It’s been an incredible 20 years for women’s football, going from the fringes of the sport and unfairly criticized and compared to the men’s game. Some of the top female games now see the viewing figures and attendances that some of the biggest men’s games do.
For those overly vocal critics on social media who use platforms to besmirch and downplay women’s games, this year has shown more than ever that the argument that women’s football isn’t popular is a fallacy and holds less and less weight by the day.
Unlike the male game, which dates back 200 years, women’s football rose to prominence over a much smaller period. For large sections of women’s football history, even top players didn’t make enough money to turn their skills into full-time jobs. Although this year’s World Cup was a monumental success, the first Women’s World Cup back in 1991 didn’t have quite the same cultural impact, and it would be years before the legitimacy of women’s football began to get the notoriety it deserved.
Women’s football in the United States made some significant changes in the 1990s, becoming one of the first to introduce professional programs for female football stars. This momentum slowly built from the early 2000s until the middle point of the last decade. Several countries followed suit, but England’s Women’s Premier League started to see serious investment. Teams like Manchester City & Everton built academies for promising female players and existing professional teams, and the number of people in attendance grew from the hundreds to the thousands during this period.
Earlier this year, Australia & New Zealand played host to the Women’s World Cup, and although the last tournament in 2019 brought in good numbers, they paled compared to the sort of audiences we witnessed this year. The Women’s game between the hosts Australia and England brought in a TV audience above 11 million, the highest sporting audience in Australia ever. Inspiring Australian female athletes and sports stars built the foundation for a lot of this success. While it might seem as though these numbers have exploded overnight, a concerted and orchestrated advertising and marketing approach has helped bring women’s football to a much larger, mainstream audience.
Millions of English fans tuned in to watch their Lionesses fall short in the final, losing narrowly in a close game to the pre-tournament favorites Spain. However, this year’s World Cup was a real key breakthrough in highlighting just how much potential the women’s game has, and it’ll continue to strike while the iron is hot, with more people than ever taking an interest in the women’s game.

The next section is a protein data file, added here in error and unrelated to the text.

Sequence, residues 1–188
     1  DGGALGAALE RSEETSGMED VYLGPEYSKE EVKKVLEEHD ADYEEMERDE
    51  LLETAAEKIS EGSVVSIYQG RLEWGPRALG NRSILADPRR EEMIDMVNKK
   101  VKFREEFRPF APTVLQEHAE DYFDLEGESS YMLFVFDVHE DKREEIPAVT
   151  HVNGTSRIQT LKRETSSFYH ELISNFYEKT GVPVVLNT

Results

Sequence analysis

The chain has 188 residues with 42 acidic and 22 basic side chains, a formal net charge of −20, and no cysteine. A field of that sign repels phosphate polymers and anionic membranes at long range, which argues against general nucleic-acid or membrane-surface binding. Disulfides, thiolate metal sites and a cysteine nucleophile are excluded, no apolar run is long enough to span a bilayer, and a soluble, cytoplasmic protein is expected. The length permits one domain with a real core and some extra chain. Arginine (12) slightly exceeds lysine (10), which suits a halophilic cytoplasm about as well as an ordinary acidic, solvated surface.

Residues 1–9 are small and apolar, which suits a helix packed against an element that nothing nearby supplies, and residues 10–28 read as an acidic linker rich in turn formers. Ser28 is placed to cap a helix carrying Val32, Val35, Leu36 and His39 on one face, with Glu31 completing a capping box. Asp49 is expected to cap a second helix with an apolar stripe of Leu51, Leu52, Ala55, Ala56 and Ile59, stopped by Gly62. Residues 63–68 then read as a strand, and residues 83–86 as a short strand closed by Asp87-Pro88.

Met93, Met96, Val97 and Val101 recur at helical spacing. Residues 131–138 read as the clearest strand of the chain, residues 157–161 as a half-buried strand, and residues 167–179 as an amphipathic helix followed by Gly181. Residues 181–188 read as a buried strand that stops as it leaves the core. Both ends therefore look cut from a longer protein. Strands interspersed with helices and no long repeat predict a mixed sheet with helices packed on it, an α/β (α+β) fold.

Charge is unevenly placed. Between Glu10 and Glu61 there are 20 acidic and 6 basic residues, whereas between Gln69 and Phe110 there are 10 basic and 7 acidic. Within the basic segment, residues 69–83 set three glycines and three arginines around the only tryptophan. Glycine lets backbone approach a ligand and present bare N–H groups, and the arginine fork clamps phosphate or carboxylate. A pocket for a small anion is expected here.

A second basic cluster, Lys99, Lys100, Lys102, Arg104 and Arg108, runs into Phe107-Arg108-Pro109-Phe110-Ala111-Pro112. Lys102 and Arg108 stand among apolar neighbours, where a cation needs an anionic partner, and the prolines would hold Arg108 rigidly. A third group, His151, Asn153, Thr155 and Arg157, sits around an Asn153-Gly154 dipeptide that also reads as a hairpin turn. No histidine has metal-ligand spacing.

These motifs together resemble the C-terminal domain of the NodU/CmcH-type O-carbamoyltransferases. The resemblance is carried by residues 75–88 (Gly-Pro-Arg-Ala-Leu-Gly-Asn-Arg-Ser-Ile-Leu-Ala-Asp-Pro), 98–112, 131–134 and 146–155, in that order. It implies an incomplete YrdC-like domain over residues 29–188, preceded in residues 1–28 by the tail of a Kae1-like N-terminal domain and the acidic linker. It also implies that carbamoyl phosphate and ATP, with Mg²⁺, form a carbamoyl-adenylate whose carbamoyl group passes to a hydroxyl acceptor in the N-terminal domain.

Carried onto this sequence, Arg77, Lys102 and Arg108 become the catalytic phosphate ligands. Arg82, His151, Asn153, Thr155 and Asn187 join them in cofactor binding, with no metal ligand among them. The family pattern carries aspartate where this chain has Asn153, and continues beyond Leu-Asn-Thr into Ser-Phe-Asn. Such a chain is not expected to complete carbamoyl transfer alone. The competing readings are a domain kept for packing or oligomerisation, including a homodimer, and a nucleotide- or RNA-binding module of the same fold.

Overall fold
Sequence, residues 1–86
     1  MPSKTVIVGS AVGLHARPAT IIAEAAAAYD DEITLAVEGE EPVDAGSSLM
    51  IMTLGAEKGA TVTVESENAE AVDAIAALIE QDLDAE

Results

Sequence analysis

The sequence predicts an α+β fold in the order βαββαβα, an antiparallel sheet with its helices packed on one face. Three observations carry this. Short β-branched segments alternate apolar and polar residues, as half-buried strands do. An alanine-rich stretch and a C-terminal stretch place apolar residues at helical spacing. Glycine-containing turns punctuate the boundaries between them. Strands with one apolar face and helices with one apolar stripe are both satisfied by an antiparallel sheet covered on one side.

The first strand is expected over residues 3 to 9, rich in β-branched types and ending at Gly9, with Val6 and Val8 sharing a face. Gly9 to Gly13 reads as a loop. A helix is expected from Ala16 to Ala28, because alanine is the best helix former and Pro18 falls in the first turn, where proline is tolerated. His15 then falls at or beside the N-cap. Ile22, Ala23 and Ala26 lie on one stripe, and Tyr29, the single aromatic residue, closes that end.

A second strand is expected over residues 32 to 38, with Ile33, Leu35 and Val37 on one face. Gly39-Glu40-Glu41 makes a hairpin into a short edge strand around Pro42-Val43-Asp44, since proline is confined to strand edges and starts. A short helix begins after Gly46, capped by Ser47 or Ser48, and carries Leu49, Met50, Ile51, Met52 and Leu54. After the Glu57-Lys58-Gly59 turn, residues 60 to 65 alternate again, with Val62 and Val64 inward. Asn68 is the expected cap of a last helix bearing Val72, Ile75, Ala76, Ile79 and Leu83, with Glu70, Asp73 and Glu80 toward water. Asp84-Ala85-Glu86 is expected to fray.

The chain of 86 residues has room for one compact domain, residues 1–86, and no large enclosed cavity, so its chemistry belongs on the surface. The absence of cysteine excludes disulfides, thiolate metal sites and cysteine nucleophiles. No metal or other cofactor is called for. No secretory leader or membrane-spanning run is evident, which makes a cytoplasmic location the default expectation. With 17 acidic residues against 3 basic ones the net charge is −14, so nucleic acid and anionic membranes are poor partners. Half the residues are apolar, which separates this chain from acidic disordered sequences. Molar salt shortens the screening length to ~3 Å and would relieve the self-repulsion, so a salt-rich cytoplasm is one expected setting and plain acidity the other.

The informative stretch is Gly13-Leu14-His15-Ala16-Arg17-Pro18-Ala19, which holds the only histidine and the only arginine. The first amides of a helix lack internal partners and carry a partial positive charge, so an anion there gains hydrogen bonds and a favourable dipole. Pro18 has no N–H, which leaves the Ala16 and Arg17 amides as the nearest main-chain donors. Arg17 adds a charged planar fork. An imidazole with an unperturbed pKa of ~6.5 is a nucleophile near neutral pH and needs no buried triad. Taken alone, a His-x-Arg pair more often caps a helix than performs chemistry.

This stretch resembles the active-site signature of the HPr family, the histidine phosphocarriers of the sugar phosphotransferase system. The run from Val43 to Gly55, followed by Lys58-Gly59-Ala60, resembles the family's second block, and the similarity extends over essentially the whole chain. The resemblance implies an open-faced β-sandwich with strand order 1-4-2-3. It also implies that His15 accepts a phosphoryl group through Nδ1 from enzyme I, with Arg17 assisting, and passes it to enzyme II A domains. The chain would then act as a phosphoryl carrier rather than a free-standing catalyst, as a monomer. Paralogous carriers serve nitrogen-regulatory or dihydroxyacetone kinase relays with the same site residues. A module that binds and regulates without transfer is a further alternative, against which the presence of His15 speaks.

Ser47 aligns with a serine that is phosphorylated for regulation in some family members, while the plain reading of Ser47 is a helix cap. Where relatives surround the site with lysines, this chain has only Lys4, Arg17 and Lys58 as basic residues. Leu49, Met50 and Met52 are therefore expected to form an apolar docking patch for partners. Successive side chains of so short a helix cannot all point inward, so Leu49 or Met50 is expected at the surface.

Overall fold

The record Australian audience wasn’t the first time the English Lionesses have played in front of a colossal TV audience. Following a landmark victory at Euro 22, the hosts became the first English team to win a high-ranking professional tournament since the men’s team in 1966. An immense number of people watched it unfold live, and for many fans of female football, this was the beginning of the current golden era that the women’s game is seeing.
The men’s game sees a shift in dynamic, with several high-profile players leaving the Premier League for the immense money currently on offer in the Saudi Premier League. In addition to this, some high-profile managers stated they believe they will work there in the near future. Women’s football in Europe could be in an excellent position to hoover up some of the waning popularity, especially if many of the world’s top talent moves to the SPL (Saudi Premier League) and weakens the strength and global appeal of the English Premier League in the medium to long term.
There’s still a long way to go for the women’s game, as a significant wage disparity exists between the men’s and women’s games. Detractors have long speculated that the reason for this is due to the fact that there are more fans of the male game. Although the men’s World Cup was the most-watched global sporting event in the world during 2022, women’s teams in Australia and England are selling out the largest arenas in their country.
The argument that women footballers should be getting better pay is now rightfully gaining more momentum, which correlates with the popularity of the sport growing and likely to continue growing over the next decade. Men’s soccer is the most popular sport in the world, so it’ll be a long time before the women’s game can even aim for those sorts of levels, but the last five years have been exciting, promising, and show the scope and potential. If it continues on this trajectory, the next decade could be pivotal in shaping the game over the next 50 years.